One thing I’ve learned is it’s amazing how difficult Gaelic actually is to learn. You would think, because they have fewer letters, it wouldn’t be so hard; but trying to remember all the rules is a bit daunting. Vowels sound different depending on which consonants follow them, and if you pronounce the “ai” as an “aye” sound instead of an “uh” sound, you’ve got a completely different word. I guess that’s true with any language, and probably because the chances of me actually using Gaelic on a daily basis are slim, I’m having so much difficulty.
You’ll find, in almost all of my books, I use some foreign language. Luckily, because I have wonderful friends all around the world, who are more than happy to help me, I do not need to be fluent in all the languages. So far my novels have contained French, German, Spanish, Portuguese, Italian and Gaelic. Part of Simply by Chance takes place in Turkey, and I’m sure I will toss in some native words and phrases from that part of the world as well (as soon as I find someone who speaks Turkish, Kurdish or Zaza).
In other news, on my birthday, I will be starting a part time “job”. A friend of mine from church had a stroke a few years back. She’s doing really well. So much so, she doesn’t need a home health aide any more, but she still can’t drive; so a few days a week, I’ll be bringing her to therapy, the grocery store or wherever else she needs to go. It’s only a few hours a week, I’ll be helping a friend, and it made no sense to keep on an expensive aide when she really doesn’t need one any more. This will be good for me too, a chance to get out from behind my keyboard and out in public for a few hours a week.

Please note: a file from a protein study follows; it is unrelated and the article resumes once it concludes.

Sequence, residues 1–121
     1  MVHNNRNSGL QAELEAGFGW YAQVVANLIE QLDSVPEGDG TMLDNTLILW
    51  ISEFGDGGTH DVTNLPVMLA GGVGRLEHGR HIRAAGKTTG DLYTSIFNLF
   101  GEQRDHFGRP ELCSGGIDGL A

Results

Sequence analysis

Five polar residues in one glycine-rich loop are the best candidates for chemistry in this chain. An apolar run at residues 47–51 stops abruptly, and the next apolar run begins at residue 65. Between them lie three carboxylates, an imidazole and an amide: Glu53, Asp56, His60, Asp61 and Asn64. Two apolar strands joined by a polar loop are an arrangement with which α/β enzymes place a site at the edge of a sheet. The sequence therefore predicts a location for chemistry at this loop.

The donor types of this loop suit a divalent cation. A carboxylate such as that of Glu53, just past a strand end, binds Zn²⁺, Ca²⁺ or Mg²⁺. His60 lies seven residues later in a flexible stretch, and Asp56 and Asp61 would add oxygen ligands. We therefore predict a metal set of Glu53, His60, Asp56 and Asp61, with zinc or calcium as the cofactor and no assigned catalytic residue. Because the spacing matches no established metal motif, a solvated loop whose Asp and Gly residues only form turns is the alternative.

Yes the start date and NaNoWriMo coincide, and it will be a challenge. But when is it not? To de-stress myself, I’m making sure I clear my plate before April 1st, so all I’ll need to concentrate on is Faerie Tale Queen. I have three remaining editing project, which have been opened for a while, that need to be completed and emailed back to the authors, and one request for a review. I will complete the edits in the order they came in, and then I can start my new project with a clear conscience. I always have three or four editing projects open at the same time because it helps me when I can break away from a project for a little while, but still keep working.